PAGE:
Cerumin is not saliva. (earwax)
The preferred food of the black-footed ferret is not insects. (prairie dogs)
The first living thing to orbit Earth was not a chimp. (dog)

In the future, I may put a group right up front by the white board, and call them the Blank Slates. Think of the possibilities.


  1. No groups in just a plain ol' corner? Nobody puts babies in a corner anymore?

  2. As bad as I am in the Seinfeld references I will not even attempt to count the number of puns. I am guessing your students enjoy your class and probably even learn some stuff.

  3. Creative you are. I'd call the microwave bunch zappers and their teacher innovative. Teaching can be fun some days.

  4. What an interesting way to get kids to learn. Bravo!

  5. You are sooo intelligent. I am in awe of your scientific knowledge. Me? I got one right out of five. I'd be with the dunce-cap group.

  6. If I'd had Mrs. Victorian as my science teacher I KNOW I would have enjoyed high school a little more. As it was we spent those hours stealthily making the longest gum wrapper chain in the world and on the side counting how many times Mr. Bumford said, "of course." p.s. I knew about ferrets and dogs in space but never heard of cerumin.

  7. Sioux,
    Kids these days are all about the bells and whistles. A plain corner would go over as well as unflavored Quaker Oats on the free breakfast tray.

    You guess right. We run the gamut from disgruntled to overly-fond. Today I had one complaining about a desk that wobbles if you press down on it with the force of Superman, and two devising a schedule for surprising me with an unwanted hug. I told the Deskgruntled to go stand by the wall and write on the bumpy surface of the painted cinder blocks, but she declined. The Huggers declared they WOULD find a way in, whether it be picking the lock on the door, busting in a window, or tunneling through the wall.

    "Well. I can see you picking the door lock, the windows are safety glass, and thank goodness when you tunnel through the wall, your way will be blocked by lines of the Deskgruntled, using it as their writing surface."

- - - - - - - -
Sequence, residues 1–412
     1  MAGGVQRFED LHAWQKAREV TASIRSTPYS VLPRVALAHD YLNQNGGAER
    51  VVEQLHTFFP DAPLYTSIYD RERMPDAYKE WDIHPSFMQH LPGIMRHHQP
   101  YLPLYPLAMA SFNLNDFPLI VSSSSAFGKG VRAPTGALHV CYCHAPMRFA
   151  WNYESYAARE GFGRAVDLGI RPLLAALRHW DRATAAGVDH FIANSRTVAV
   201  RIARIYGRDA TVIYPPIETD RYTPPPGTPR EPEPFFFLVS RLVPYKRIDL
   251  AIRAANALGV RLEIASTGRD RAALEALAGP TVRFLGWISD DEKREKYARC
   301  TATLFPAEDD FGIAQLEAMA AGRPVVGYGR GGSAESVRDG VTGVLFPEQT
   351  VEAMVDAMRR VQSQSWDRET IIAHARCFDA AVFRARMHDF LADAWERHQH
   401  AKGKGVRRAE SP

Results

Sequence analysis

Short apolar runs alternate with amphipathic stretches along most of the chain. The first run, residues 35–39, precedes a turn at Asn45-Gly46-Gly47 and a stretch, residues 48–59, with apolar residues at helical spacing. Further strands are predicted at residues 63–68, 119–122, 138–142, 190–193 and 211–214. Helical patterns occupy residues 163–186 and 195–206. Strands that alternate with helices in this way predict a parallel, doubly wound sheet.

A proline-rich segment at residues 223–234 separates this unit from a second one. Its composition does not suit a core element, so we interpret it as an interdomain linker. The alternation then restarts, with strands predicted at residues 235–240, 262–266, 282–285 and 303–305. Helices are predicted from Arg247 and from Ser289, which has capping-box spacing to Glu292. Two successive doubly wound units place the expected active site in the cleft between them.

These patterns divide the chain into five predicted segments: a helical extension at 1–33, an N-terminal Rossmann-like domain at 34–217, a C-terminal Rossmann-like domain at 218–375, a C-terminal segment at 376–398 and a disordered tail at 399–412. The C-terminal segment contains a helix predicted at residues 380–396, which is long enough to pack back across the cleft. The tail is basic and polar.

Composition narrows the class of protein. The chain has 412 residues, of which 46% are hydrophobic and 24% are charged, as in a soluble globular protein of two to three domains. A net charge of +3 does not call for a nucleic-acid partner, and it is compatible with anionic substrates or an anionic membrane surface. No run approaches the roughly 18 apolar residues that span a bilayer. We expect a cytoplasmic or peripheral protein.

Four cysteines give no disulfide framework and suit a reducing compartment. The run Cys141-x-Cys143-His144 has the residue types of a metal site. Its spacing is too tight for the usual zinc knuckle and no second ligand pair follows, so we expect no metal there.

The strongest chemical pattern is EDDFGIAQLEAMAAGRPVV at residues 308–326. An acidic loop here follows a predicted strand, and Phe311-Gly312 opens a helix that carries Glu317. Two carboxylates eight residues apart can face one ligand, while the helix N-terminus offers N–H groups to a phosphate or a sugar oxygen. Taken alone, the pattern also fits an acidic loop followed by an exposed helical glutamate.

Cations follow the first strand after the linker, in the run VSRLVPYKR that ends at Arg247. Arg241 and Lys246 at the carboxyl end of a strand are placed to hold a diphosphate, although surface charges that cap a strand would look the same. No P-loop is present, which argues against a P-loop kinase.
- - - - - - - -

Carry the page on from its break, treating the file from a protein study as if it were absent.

Score: 4973 for Mrs. Thevictorian.......0 for the students

    I have a laugh every day. But some days I pull out more hair than others.

    Those zappers and I were on the same wavelength. I smell a future valedictorian in their midst.

    I won't dress up like Madame Curie and rap a little ditty called "That's Radiumkulous!" But I WILL allow them to stretch their gray matter with science facts.

    I figure that after teaching assorted sciences for 26 years, I should know a little more about it than normal people. I am sorry to inform you that the dunce cap has been discontinued. Because if one kid gets a dunce cap, they ALL have to get dunce caps, so nobody feels left out. Have you seen the price of dunce caps down at Staples recently? Yeah. It would not bode well to have little Johnny go home grousing, "I wish I had a dunce cap like Susie. It's not FAIR!"

    But did you take the Big Red Challenge? You know...licking the inside of the foil wrapper from a stick of Big Red gum, and sticking it on your forehead? I'm guessing that you did not. Because if you did, we would still be able to see that angry red rectangle under your bangs. From space.

  8. Wow, that was amazing. Maybe if I had a teacher like you when I was in school, I might know a thing or two about science - and of course I did just learn a thing or two! FUNNY post as well!

  9. Lynn,
    I left a response to your comment last night. It was quite witty and informative, I'm sure. But now it's gone! Gone to the gullet of comment-gobbler Blogger, where it has been churned into chyme, and might, at this very moment, be flowing into the duodenum. I have to tell myself, "This too, shall pass."